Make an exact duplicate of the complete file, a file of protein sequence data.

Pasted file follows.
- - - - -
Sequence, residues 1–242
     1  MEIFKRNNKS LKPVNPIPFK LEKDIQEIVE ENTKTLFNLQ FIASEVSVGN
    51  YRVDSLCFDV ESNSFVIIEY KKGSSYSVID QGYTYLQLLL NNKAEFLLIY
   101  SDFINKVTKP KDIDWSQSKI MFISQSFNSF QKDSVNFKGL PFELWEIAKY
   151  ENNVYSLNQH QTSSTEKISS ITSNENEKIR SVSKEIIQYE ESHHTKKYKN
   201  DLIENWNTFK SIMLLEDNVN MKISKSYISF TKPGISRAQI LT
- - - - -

Sequence, residues 1–242
     1  MEIFKRNNKS LKPVNPIPFK LEKDIQEIVE ENTKTLFNLQ FIASEVSVGN
    51  YRVDSLCFDV ESNSFVIIEY KKGSSYSVID QGYTYLQLLL NNKAEFLLIY
   101  SDFINKVTKP KDIDWSQSKI MFISQSFNSF QKDSVNFKGL PFELWEIAKY
   151  ENNVYSLNQH QTSSTEKISS ITSNENEKIR SVSKEIIQYE ESHHTKKYKN
   201  DLIENWNTFK SIMLLEDNVN MKISKSYISF TKPGISRAQI LT